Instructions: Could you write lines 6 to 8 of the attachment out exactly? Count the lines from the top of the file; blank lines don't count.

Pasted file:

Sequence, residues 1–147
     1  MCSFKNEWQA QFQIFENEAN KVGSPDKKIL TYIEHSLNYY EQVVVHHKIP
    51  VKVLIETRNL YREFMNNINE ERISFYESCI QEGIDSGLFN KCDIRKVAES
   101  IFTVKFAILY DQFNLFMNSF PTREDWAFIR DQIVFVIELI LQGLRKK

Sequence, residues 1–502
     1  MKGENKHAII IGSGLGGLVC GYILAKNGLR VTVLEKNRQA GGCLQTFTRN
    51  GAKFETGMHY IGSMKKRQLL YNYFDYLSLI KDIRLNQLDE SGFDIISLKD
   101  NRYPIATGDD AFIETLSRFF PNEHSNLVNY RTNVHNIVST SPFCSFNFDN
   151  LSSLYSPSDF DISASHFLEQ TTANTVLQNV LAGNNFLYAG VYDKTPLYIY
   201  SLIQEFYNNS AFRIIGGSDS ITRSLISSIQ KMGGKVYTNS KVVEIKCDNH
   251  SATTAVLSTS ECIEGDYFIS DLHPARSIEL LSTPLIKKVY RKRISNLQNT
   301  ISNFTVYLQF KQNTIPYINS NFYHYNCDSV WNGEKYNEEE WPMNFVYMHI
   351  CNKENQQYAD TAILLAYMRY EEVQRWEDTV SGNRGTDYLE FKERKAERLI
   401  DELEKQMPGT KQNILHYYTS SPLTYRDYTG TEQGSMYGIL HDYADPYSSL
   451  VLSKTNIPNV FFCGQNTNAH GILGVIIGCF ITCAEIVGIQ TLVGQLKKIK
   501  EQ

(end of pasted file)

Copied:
     1  MKGENKHAII IGSGLGGLVC GYILAKNGLR VTVLEKNRQA GGCLQTFTRN
    51  GAKFETGMHY IGSMKKRQLL YNYFDYLSLI KDIRLNQLDE SGFDIISLKD
   101  NRYPIATGDD AFIETLSRFF PNEHSNLVNY RTNVHNIVST SPFCSFNFDN